In the same year, an article in The New Statesman and Nation, pronounced Frink as 'the most talented [artist]. Her animal sculptures are tortured, split and rigid with fear. Their suppressed screams resulting from violent suffering and pain. Every twisted muscle, stretched skin and flared sinew is exploited vehemently'.

So how and why could an artist as feted as she was, who received such early recognition, could, in her own words, say towards the end of her career: 'I do think in contemporary art terms I'm an outsider'?

Goggle Head

Goggle Head 1967

Elisabeth Frink (1930–1993)

The Ingram Collection of Modern British and Contemporary Art

In what ways was she an 'outsider'?  What was she 'outside' of exactly? She was a CBE before she was 40, and a Dame at 52. She was one of the very few female Royal Academicians when she was elected in 1973 and her major public sculptures include the Kennedy Memorial in Dallas and other successful and high-profile pieces at Salisbury Cathedral, London's Piccadilly and Manchester Airport.

Horse and Rider

Horse and Rider 1968

Elisabeth Frink (1930–1993)

The Ingram Collection of Modern British and Contemporary Art

These questions about her public profile, her reputation within the art world and how she positioned herself are all discussed further in the podcast, with contributors such as Simon Martin, Director of Pallant House in Chichester, and the artist Cathie Pilkington RA, discussing their connections to Frink's work. Standing in front of Frink's iconic Horse and Rider (now situated on Bond Street in London), we reflect how, in an art world increasingly dominated by abstraction, Frink remained resolute in her commitment to working both figuratively and in bronze, often setting her at odds with contemporary fashions. Yet, she also saw herself as an artist with moral obligations to comment and interact with contemporary events, including making political statements through her work.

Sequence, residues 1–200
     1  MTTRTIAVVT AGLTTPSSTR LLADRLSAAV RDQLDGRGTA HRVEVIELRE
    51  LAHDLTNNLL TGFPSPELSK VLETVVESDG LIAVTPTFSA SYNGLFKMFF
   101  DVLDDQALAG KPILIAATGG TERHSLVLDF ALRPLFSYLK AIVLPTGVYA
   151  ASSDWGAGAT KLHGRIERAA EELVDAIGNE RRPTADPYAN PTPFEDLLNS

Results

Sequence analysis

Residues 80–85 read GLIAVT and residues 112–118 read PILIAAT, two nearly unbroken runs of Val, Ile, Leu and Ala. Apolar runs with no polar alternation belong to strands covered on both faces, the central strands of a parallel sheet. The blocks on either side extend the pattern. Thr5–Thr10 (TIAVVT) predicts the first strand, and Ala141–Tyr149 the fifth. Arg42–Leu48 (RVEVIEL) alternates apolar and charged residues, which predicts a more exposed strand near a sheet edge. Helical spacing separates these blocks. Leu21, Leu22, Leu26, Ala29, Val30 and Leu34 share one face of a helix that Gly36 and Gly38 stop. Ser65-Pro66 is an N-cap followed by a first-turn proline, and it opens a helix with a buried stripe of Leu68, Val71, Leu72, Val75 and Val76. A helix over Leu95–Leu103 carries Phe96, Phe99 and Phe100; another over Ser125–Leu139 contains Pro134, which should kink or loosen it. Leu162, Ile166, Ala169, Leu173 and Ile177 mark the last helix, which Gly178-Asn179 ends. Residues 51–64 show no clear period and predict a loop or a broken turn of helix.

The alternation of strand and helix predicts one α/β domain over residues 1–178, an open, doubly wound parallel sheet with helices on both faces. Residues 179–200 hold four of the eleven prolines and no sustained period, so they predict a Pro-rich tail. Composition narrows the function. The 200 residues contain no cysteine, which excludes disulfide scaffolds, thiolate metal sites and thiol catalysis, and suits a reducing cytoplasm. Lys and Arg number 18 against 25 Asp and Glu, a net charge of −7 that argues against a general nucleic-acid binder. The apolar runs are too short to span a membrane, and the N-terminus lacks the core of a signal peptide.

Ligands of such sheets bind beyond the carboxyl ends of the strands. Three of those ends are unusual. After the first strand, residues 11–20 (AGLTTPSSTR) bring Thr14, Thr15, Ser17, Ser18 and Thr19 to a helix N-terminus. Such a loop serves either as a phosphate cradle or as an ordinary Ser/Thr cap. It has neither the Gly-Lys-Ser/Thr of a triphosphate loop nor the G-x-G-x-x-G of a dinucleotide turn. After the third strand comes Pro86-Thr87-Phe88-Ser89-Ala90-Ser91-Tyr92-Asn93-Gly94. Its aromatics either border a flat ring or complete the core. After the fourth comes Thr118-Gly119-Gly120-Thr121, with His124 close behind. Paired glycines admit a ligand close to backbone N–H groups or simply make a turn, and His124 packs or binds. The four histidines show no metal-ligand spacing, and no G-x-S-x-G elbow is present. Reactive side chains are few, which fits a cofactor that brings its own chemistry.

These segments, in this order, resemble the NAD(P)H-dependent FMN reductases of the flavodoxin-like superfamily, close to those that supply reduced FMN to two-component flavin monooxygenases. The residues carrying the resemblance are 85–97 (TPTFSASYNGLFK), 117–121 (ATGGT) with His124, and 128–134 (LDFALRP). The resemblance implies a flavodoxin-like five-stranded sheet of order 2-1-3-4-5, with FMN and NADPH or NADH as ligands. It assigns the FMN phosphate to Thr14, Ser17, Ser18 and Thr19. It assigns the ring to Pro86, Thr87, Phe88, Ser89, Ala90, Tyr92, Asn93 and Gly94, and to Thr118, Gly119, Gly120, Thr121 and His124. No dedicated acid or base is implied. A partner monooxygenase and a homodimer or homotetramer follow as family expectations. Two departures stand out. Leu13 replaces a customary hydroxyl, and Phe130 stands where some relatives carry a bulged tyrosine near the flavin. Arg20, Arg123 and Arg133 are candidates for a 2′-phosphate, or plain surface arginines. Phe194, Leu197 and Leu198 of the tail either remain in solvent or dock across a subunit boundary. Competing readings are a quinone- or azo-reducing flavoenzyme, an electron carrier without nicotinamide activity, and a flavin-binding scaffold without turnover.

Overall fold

Horse in the Rain

Horse in the Rain 1976

Elisabeth Frink (1930–1993)

Museums Sheffield

Frink was reticent to talk about the impact of gender on her career and we set this within the context of her education and the development of her career in post-war Britain. Talking to Annette Annette Ratuszniak, who was curator of the Elisabeth Frink Estate, we also get a sense of the incredible, art-filled environments Frink's created, a sense of her working life and homes in the UK and France. With Annette, we also discuss how artistic reputations are formed, and how important it is for artists to consider their own legacy and we also discuss the impact an artist's family has on their posthumous reputation and how this is managed.

Elisabeth Frink with 'Soldiers Head'

Elisabeth Frink with 'Soldiers Head'

'She respected herself. She took herself seriously and she took the work seriously, due to the nature of the work. She knew what it was she wanted to explore.' – Annette Ratuszniak, Curator, Frink Estate

'She was doing something which was internationally significant and does deserve reappraisal.' – Simon Martin, Director, Pallant House Gallery

'A lot of her work resonates in a really contemporary way.' – Cathie Pilkington, RA, First Female Professor of Sculpture at the Royal Academy

Jo Baring, Director of The Ingram Collection of Modern and Contemporary British Art, and Sarah Turner, Deputy Director for Research at the Paul Mellon Centre for Studies in British Art

Find the Sculpting Lives podcast on Audioboom where you'll find listening options, and follow the podcast on Instagram

Sculpting Lives podcast

Sculpting Lives podcast